Giant on the move
Charles in charge: speed, momentum and centrifugal force
I’ve never met Matt Lauer from NBC but I was assured this week that I kicked his ass.
That was the consensus of several USA Cycling experts when I finally rolled off the Olympic velodrome after a gut-wrenching but exhilarating ride.
When Nick Legan, the team mechanic who was riding along with me, told me I was going much higher on the banks than Lauer had when he tried out the track a few days ago, I decided I should go even higher.
I screamed as I reached the top of the steep bank of the Olympic velodrome, then felt the air swish through my helmet as I pedaled around the curve and pushed hard along the straightaway.
I heard someone yell, “Up, up, up, Debbie!” so I powered my way up as high as I could along the next curve, swallowed the urge to scream again, and pedaled even harder to make sure I stayed upright.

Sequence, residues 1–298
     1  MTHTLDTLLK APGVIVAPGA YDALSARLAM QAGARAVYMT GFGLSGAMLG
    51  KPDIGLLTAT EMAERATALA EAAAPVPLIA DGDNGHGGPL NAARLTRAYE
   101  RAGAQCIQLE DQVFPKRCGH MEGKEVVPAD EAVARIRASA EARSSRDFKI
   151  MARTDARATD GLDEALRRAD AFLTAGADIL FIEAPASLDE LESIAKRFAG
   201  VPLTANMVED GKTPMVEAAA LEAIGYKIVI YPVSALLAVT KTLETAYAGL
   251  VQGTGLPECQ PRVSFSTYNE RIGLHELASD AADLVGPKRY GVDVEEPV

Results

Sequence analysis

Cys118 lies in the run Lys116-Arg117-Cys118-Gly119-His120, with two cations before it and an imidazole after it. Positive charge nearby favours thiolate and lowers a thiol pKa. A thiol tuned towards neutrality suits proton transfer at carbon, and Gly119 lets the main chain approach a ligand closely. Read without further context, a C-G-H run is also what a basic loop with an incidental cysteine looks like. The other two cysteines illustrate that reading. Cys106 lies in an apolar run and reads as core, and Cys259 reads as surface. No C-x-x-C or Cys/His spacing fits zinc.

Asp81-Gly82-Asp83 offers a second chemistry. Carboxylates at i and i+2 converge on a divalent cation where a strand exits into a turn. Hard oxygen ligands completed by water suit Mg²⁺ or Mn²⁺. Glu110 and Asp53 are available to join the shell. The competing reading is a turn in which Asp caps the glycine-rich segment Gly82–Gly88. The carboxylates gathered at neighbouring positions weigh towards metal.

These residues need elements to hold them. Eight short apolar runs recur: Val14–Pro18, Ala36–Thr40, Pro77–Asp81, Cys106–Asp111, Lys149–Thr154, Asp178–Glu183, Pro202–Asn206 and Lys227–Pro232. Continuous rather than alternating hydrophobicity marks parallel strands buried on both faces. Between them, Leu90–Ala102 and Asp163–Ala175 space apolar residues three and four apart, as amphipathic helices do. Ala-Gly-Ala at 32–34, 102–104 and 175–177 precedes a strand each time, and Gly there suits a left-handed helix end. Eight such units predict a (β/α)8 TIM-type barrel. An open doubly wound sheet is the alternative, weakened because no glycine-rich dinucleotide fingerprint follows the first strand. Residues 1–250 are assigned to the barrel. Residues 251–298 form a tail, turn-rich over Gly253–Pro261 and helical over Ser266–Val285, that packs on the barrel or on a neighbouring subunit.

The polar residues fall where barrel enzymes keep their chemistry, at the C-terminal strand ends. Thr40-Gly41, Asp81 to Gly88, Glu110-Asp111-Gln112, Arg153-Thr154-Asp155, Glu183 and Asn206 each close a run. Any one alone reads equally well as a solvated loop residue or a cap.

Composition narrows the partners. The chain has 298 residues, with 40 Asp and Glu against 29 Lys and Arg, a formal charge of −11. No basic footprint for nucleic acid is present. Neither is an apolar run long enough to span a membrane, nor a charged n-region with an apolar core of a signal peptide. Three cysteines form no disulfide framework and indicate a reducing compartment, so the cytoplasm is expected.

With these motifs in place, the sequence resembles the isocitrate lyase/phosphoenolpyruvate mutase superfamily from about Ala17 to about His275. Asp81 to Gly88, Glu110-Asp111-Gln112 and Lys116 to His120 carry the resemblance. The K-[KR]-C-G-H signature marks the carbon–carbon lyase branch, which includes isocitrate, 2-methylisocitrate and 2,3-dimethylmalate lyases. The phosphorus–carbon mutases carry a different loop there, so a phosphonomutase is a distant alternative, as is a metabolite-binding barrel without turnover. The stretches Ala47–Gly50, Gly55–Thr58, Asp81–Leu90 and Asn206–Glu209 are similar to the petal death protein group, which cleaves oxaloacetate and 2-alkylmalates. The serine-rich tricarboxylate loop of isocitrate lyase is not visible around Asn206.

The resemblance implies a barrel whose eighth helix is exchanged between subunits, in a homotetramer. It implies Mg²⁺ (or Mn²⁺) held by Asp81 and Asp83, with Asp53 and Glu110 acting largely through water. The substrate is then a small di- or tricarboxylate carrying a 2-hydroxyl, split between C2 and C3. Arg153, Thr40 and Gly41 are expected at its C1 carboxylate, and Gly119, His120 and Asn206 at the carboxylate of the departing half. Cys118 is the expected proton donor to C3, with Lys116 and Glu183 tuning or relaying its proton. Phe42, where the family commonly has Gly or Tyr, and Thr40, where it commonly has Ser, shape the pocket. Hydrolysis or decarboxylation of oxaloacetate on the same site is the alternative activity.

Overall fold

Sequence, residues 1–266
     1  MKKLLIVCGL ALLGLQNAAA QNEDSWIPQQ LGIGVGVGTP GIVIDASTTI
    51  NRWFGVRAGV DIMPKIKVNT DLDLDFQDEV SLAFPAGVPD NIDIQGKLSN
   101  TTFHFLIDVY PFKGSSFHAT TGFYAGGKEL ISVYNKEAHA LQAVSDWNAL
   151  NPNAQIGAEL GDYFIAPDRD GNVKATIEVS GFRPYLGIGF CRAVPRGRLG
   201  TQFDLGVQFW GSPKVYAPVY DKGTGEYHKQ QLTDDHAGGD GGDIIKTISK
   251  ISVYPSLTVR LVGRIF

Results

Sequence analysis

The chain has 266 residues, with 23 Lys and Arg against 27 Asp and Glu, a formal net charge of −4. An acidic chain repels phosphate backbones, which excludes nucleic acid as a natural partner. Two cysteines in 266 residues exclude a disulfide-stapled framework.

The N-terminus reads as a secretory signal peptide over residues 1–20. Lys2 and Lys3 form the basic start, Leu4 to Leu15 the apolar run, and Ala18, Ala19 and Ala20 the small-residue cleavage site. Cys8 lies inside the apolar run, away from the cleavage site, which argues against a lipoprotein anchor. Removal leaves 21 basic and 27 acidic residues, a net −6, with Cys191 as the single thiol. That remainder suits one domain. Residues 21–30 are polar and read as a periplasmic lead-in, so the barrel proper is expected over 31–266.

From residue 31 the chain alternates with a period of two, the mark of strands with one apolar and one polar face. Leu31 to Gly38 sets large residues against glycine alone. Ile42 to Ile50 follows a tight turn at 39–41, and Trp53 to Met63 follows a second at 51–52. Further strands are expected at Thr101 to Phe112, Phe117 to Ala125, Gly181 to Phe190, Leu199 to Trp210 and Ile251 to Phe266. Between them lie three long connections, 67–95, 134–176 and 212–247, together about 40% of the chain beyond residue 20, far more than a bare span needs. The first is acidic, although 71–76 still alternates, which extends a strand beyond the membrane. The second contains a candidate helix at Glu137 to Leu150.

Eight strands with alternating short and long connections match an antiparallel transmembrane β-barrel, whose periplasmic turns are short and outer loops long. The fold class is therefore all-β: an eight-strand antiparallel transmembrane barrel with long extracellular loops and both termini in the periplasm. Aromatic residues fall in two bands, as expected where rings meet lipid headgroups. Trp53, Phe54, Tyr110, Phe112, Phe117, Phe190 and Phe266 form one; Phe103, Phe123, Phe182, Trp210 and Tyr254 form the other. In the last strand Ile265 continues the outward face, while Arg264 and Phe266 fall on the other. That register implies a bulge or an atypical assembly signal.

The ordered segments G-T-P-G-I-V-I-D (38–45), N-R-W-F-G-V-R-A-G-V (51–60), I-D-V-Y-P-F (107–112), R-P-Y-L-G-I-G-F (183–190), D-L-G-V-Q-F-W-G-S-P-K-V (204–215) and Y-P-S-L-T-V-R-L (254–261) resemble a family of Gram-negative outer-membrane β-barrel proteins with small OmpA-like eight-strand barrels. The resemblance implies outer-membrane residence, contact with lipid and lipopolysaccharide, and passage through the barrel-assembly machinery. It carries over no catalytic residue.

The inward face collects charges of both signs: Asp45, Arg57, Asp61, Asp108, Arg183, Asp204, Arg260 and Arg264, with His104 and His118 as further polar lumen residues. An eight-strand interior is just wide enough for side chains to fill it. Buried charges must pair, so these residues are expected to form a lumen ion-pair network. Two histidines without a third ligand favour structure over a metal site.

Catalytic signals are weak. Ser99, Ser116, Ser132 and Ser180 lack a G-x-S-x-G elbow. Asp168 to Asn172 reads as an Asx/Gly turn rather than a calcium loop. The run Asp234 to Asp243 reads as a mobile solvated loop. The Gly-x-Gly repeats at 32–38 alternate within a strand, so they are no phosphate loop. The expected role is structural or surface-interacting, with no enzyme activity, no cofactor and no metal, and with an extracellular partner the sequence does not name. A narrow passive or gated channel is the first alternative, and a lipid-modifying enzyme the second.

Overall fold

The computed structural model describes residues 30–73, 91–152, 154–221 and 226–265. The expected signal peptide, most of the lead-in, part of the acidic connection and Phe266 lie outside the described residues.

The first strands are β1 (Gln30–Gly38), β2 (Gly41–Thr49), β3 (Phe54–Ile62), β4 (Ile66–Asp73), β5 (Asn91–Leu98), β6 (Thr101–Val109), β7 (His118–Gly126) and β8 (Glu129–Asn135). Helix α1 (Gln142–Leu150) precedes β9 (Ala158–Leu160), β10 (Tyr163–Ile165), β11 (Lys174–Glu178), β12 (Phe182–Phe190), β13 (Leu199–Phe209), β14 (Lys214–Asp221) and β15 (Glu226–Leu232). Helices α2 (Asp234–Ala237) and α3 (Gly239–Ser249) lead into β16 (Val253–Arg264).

I had always wondered how the cyclists managed to stay upright while riding on the steep curves of the velodrome. So I decided to give it a try and USA Cycling obliged by getting approval from velodrome officials and loaning me a bike, a helmet and, most important, expert advice.
“The biggest thing to remember on the track is, it’s all about speed, momentum and centrifugal force,” said Legan, who rode along with me after the last athletes left the track after practice.
“The faster you go, the safer it actually is. That’s how you’re going to stay up on the banking. Trust your tyres. They will stick to this,” he said of the wooden track. “So you’re not going to just fall down.”
Despite his assurances I really was scared. As I clicked my cleats into the pedals and held on to the railing before pushing off, I looked up at the steep banks and just hoped I would not humiliate myself in front of Olympic coaches and officials who were milling about.
When I finally headed off the track the team soigneur, Viggo Christensen, who had been teasing me before I set off and clearly had very low expectations, paid me the biggest compliment I could imagine.
He came over, shook my hand and said, “I’m impressed. It was excellent. It was way beyond good.”
Then team chief Pat McDonough told me I had “kicked Matt Lauer’s ass”.